A federal agency has directed a state teachers’ union for the second time to drop its requirement that nonunion teachers who object to paying union fees on religious grounds reiterate their objections annually.
But the Ohio Education Association says it has already revised its practice, allowing teachers to file their objections every three years instead.
The Cleveland regional office of the U.S. Equal Employment Opportunity Commission made a determination this month in a case originally brought by Dennis Robey, a teacher in the Huber Heights, Ohio, district near Dayton. Mr. Robey, who chooses not to be a member of the local teachers’ union, elected to have his “agency fee” go to a charity rather than to the local union and the state and local unions with which it is affiliated.
Regardless of their membership status, teachers in states with collective bargaining laws must pay such a fee, which is levied in exchange for representation by the union. But payers of the fee are allowed under Ohio law to ask for redirection of the money if they object for religious reasons to a union position.
Mr. Robey complained this year and last that the OEA and its parent and local affiliate took too long to send his agency-fee rebate to Habitat for Humanity, his chosen charity.
The National Right to Work Legal Defense Foundation, a Springfield, Va.-based group that opposes compulsory unionism, expanded the complaint to the requirement that nonunion teachers with religious objections state them annually.
“Mr. Robey had basically to jump through hoops and prove he’s religious enough to get this status,” said Daniel Cronin, the director of legal information at the foundation.
But Christopher Lopez, a lawyer for the Ohio Education Association, an affiliate of the National Education Association, said the form Mr. Robey was asked to fill out had been introduced three years ago to make it easier to register an objection. The one-page form asks several questions, such as “What specific religious belief(s) and/or doctrines support(s) your request for an accommodation?” It also directs the applicant to enclose documentation.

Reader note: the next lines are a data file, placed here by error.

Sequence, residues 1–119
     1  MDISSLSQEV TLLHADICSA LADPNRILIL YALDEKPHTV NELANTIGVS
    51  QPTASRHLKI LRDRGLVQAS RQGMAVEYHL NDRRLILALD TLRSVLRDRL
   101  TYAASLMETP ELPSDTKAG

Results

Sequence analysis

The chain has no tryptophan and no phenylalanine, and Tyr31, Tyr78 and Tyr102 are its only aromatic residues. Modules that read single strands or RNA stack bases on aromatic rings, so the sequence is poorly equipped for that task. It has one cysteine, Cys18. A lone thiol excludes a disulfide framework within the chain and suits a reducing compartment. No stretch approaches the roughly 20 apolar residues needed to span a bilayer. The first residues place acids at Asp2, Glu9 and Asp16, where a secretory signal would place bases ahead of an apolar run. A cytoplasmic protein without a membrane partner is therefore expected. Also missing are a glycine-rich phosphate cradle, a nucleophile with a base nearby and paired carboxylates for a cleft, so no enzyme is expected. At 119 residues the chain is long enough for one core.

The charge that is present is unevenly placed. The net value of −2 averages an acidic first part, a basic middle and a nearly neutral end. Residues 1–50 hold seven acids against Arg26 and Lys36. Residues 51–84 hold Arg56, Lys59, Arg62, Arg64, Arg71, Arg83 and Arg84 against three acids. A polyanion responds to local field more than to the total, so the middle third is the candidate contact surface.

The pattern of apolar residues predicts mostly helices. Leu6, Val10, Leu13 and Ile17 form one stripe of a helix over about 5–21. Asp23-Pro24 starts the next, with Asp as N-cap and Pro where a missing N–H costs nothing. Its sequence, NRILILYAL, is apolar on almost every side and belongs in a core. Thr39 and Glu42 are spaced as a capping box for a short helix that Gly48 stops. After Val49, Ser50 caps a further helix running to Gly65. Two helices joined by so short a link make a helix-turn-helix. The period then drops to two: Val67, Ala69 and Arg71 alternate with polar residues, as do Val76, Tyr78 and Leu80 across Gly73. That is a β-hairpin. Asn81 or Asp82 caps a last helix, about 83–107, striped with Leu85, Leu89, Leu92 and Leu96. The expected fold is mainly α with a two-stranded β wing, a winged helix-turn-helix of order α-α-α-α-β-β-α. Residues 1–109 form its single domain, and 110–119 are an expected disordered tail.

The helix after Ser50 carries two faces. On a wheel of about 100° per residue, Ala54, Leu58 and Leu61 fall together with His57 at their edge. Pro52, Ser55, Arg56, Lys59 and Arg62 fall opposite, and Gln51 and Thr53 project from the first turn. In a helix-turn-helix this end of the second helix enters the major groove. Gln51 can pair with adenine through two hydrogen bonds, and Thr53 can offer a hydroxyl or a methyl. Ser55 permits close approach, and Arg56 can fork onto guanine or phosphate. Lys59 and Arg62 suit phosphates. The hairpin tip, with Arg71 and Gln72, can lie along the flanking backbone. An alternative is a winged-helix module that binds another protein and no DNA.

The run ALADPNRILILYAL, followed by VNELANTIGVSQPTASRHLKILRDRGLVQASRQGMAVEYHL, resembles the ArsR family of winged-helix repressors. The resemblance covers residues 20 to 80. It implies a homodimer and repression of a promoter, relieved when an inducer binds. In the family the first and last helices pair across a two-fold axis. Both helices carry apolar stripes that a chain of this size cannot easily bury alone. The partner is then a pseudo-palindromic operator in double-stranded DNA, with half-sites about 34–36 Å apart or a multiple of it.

Starting this year, the Ohio union intends to require the form no more than every three years, Mr. Lopez said. Mr. Cronin of the right-to-work foundation characterized that change as “mission accomplished.”
Mr. Robey could not be reached for comment. A spokesman for the Cleveland office of the EEOC would not discuss any of the complaints or determinations, saying it keeps such matters confidential as long as conciliation between the parties is being attempted.
“We’re anxious to conciliate this,” said Mr. Lopez of the OEA. He said a conciliation agreement on filing frequency would have been signed last year had it not been for what he called incorrect terminology in the document. He added that Mr. Robey’s complaint about how long it takes for the agency-fee rebate to make its way to the designated charity might be trickier to resolve.
“What he’s in essence asking us to do is advance the money to the charity when we haven’t even collected the money,” Mr. Lopez added.
Mr. Robey filed his objection in January 2001, and the contribution was made in his behalf last September, just after all dues have been collected for the year, according to Mr. Lopez.
A version of this article appeared in the May 29, 2002 edition of Education Week as EEOC Directs Ohio Union To Modify ‘Agency Fee’ Rules